Where do our clothes come from?
Themes: Clothes; working as a team; appreciating the efforts of others.
Summary: It has been calculated that in the UK we spend as much as £44 billion on clothes - including £8 billion on children's clothes. The video features a group of teenagers trying a day's work in a UK clothes factory. The assembly explores what our clothes are made of, where they come from and invites us to appreciate the effort that has gone into making our clothes.
Our clothes are big business: it's been calculated we spend up to £44 billion in the UK on clothes each year. The video explores the types of material our clothes are made of - including natural and synthetic fabrics.
A group of teenagers are invited to try a day's work in a busy clothes factory in the UK: they try cutting, stitching, ironing and packing. They find the work very challenging but by the end of the day they are getting the hang of things.
The video ends by inviting us to think when we go shopping for clothes about all the hard work that goes into making them.
Duration: 4' 05"
End of speech: '...the men and women in Mick's busy factory.'
- How much money is spent each year on clothes in the UK? (The figures quoted in the video are £44 billion - with children's clothes accounting for £8 billion of that)
- What types of fabric are our clothes made from? (Natural fabrics - such as cotton or synthetic ('man-made') fabrics - such as polyester)
- What is a surprising ingredient of polyester mentioned in the video? (Oil)
- What two countries are mentioned where many of our clothes are made? (Bangladesh and China - but around 10% of our clothes are still made in the UK)
- What different stages of production happen in the factory? (Cutting the fabric, stitching using sewing machines, ironing the garments, quality control, packing and then the clothes are ready for distribution)
1. Entry music
There are plenty of songs about fashion you might choose to use - eg 'Fashion' by David Bowie or 'Fashion' by Madonna.
Tell the pupils that today they will be finding out about clothes: where they come from and how they are made. Ask them to think about the clothes that they wear when they are watching the video - what they like to wear and where they buy them.
3. The video
Play the video. The duration is 4' 05" and the final words are: '...the men and women that work in Mick's busy factory.’
4. After the video
Use the Video questions as prompts to lead a discussion about the video: 1. ‘This video taught us all about clothes. Can anyone remember how much money we spend on clothes in the UK?’ (The figures given are £44 billion and £8 billion on children’s clothes, but you are looking for an awareness of the vast amount that is spent). 2. ‘Can anyone remember what types of materials our clothes are made from?’ (Natural materials and man-made materials). Wait for responses. Follow-up with ‘Can you remember the two most common types of fabrics mentioned in the video?’ (Cotton and polyester). 3. What clothes mentioned in the video were made from polyester? (Tracksuits and swimming costumes). 4. ‘The video showed factories where clothes are made. Can anyone remember which countries were mentioned?’ (You are looking for an awareness of China and Bangladesh but also the UK, where 10% of clothes are still made). 5. ‘How did the young people in the video find making the clothes and using the sewing machines?’ (An awareness that they found it difficult: they had to focus on lots of things and had to concentrate and not make mistakes).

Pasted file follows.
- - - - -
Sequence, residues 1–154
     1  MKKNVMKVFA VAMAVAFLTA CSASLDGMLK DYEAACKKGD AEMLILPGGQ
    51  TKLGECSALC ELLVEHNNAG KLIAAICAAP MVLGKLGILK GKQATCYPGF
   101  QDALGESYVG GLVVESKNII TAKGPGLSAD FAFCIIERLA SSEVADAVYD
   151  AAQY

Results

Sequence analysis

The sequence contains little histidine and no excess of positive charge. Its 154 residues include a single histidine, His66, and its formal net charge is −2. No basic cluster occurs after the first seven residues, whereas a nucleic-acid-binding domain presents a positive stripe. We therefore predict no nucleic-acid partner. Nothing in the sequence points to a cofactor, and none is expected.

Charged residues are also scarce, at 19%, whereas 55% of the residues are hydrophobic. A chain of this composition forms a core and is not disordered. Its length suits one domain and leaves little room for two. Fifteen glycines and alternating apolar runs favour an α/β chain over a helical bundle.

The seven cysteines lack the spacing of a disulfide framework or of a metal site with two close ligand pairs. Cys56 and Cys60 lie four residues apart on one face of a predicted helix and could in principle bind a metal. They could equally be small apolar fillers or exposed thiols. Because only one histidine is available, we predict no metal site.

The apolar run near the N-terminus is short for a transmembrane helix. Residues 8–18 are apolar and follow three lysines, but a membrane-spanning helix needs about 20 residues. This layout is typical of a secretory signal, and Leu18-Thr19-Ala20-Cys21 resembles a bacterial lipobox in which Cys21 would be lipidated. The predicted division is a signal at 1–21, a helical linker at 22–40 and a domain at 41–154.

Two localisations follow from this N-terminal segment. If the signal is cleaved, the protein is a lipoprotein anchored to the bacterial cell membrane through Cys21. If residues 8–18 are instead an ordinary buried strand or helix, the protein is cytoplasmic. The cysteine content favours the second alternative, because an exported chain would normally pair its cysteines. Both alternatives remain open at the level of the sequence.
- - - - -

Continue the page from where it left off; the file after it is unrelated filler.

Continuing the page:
5. Time to talk
Ask the children to turn to their neighbour and ask them what their favourite item of clothing is - where it came from and why they like it. Allow time and then share some examples.
6. Opportunity to sing
Suggestions from BBC collections below.
7. Opportunity for reflection
Focus your reflection on thinking about the clothes we have and the hard work that goes into making them. Ask the children to think about how they treat their clothes and to reflect on how they can look after what they have.
8. Opportunity for prayer
Begin with your usual form of address ('Dear God', 'Lord Jesus', 'Let us pray' etc) and: 'We thank you for all that we have and to show our appreciation to the men and women from all around the world who work hard to make our clothes. Help us to take care of what we have and be grateful. Let us think of those who are less fortunate than us. Amen.'